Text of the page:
20th Century Theology, Baptist History, Fundagelicalism, Philosophy, Theology

Carl F. H. Henry on A. H. Strong

Henry’s dissertation at Boston University, entitled Personal Idealism and Strong’s Theology, was worked into this volume which maintains its scholarly style. It was fitting that Henry, the Baptist, would write a dissertation on the Baptist theologian, A. H. Strong. This book entails a correlation of Strong’s ethical monism with the personal idealism of the sort prevalent at Boston University during the tenure of Borden Parker Bowne. Personal idealism of the Bowne variety, however, is commented upon very little. Instead, a description of Strong’s ethical monism ensues from Henry’s pen. It can be argued that Strong’s ethical monism shares important affinities with Bowne’s personal idealism. Strong’s monism combines with the idealism in which Christ becomes the nexus for the personalities which make up reality.

In actuality, Henry spends most of his text describing Strong’s ethical monism, where it shows up in his corpus, and how it is worked through the various strands of Strong’s doctrinal thought. Strong held, somewhat paradoxically, that God is the constituent ground of everything observable and known to exist, material and immaterial, but that God exceeds this as well, making him also transcendent. Strong’s believes that Christ’s connection with humanity antedates his incarnation, beginning at Creation. Thus, Christ as God of the universe has been suffering with the sin of mankind ever since the fall.

Henry’s method of investigation is simple enough. First he traces the evolution of Strong’s theology up to his conception of monism in 1894 (Henry 95). Then Henry examines the remaining extant corpus of Strong highlighting anything that Strong says about monism and idealism. Especially helpful is Henry’s analysis of the editions of Strong’s Systematic Theology and the seminal works on monism found in Christ and Creation and Philosophy and Religion.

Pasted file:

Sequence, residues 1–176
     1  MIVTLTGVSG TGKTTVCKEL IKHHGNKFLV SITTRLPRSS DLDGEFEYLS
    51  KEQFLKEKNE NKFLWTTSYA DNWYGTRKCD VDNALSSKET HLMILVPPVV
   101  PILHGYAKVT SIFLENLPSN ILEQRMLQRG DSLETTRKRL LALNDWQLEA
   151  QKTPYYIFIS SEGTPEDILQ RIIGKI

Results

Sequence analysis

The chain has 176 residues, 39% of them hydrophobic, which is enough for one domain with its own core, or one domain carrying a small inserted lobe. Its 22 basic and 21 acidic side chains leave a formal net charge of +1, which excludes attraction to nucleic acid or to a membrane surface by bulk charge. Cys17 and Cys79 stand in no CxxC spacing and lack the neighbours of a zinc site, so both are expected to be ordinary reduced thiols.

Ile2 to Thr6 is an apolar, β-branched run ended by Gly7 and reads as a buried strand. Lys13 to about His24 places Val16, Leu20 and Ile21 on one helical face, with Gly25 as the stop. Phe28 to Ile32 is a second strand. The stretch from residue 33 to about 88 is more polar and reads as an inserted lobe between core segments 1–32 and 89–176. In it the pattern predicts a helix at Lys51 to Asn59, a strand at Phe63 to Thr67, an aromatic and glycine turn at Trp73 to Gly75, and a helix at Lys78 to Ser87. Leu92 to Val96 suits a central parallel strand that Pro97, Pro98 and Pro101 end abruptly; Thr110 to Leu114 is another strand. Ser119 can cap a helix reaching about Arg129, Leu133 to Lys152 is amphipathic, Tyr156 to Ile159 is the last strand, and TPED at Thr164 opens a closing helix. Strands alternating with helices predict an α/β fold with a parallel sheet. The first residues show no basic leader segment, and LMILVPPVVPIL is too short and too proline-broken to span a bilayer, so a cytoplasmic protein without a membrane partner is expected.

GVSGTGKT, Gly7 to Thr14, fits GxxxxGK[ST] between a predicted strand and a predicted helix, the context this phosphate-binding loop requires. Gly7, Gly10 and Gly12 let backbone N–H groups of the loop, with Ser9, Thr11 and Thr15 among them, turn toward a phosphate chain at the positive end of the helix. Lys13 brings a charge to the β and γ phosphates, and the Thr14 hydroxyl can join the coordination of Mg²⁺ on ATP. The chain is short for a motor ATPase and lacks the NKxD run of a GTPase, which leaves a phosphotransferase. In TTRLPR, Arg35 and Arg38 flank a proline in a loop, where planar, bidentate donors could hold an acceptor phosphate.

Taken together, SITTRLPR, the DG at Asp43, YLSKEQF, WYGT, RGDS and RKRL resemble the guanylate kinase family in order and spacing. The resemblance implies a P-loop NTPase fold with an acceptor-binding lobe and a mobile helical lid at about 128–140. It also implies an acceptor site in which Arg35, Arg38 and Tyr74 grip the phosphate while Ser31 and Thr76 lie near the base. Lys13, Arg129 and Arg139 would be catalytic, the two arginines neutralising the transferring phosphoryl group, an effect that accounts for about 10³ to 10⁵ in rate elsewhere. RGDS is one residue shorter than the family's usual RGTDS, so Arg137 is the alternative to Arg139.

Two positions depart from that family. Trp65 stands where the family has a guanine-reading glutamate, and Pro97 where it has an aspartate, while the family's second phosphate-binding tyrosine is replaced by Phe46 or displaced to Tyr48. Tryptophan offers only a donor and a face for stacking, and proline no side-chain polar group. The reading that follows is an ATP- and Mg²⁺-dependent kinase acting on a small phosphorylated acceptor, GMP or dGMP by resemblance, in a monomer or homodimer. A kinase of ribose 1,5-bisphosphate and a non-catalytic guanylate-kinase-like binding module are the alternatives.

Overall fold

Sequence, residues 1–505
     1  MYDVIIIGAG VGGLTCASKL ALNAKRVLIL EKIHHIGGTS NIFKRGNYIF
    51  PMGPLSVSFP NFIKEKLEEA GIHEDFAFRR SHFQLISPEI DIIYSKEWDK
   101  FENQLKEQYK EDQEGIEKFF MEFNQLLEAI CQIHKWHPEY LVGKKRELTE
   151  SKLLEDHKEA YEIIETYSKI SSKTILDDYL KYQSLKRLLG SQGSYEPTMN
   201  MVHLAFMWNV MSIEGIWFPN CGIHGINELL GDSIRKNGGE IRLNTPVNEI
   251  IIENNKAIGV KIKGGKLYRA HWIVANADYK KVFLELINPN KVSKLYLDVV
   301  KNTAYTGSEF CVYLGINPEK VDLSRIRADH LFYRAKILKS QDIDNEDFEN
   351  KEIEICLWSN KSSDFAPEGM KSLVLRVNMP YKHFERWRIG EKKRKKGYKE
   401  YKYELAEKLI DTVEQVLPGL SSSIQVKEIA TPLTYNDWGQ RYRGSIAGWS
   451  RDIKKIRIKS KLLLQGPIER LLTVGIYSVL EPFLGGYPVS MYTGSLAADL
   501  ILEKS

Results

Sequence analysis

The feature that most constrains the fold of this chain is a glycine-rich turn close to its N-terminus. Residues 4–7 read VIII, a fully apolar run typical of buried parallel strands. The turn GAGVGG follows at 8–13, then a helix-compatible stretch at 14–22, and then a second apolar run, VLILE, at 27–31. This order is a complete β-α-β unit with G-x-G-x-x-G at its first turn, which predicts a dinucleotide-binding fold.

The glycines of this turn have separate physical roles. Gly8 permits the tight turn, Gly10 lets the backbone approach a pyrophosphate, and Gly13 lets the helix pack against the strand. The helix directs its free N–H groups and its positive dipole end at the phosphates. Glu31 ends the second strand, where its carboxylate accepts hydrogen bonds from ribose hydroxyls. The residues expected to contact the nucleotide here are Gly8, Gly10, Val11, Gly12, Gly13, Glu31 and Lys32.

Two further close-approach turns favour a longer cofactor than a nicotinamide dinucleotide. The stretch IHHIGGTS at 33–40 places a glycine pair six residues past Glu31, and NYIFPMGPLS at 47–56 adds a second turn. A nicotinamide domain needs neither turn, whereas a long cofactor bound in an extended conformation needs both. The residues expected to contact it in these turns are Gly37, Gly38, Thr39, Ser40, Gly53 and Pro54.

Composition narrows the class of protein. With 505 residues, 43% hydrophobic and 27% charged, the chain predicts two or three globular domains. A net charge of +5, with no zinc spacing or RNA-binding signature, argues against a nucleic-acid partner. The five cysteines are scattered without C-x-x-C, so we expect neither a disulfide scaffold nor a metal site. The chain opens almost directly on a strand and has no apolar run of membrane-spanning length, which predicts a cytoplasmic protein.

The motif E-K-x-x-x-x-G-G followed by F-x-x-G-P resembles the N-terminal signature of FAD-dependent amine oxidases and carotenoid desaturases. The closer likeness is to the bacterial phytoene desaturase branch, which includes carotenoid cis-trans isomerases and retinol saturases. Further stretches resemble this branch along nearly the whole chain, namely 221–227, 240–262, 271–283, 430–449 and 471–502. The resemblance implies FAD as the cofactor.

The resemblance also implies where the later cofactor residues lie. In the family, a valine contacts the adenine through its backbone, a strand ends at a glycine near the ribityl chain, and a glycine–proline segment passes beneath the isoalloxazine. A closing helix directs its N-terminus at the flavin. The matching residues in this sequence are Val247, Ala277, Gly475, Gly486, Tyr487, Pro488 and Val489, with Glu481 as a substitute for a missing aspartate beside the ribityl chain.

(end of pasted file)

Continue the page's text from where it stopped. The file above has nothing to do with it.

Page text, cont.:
Toward the end Henry records the reaction to Strong’s monisim. It was not well recieved by liberal or conservative. To the liberal he did not go far enough in imposing the idealism over his view of reality as Bowne had done. To the conservative, Strong’s insistence on monism raised suspicions of a form of pantheistic liberalism. The old Calivinistic orthodoxy of Princeton and Caspar Wistar Hodge did not sit well with Strong’s novel ideas.

In the end, Henry himself doubts whether Strong’s monism is compatable with orthodox Christianity (Henry 228-229). He concludes that: (1) Strong’s monism went beyond the bounds of orthodoxy by proposing a new method and means of knowledge; (2) Strong only partially subscribed to the principle of knowledge, thus incurring the doubts of both liberal and conservative. (3) Strong’s own writings suggest the influence of Ezekiel A. Robinson, Hermann Lotze, and Borden Parker Bowne; (4) Strong’s odd mixture of liberal ideas and orthodox ideas placed his “ethical monisim” in both the orthodox realm and the personal idealist realm, but not without discontinuities with both of them; (5) Bowne’s personal idealism moved farther away from orthodox bibliology than Strong because Strong did not incorporate as radical an immanentalism as Bowne; (6) Strong insisted on an orthodox trinitarianism which put him at odds with the personal idealistic school; (7) Strong’s orthodoxy kept him from fully embracing the outcome of his monism. This is evident in his view of the atonement in which he espouses both substitution and sharing as the ground of the atonement.